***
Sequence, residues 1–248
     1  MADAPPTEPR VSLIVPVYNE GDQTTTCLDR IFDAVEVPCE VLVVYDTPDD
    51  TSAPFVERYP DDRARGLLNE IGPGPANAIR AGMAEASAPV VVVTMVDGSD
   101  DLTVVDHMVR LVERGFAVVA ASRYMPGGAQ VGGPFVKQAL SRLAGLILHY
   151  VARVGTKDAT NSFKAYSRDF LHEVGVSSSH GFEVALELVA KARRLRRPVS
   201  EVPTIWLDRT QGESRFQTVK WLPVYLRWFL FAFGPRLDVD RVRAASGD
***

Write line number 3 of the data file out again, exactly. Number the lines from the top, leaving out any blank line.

    51  TSAPFVERYP DDRARGLLNE IGPGPANAIR AGMAEASAPV VVVTMVDGSD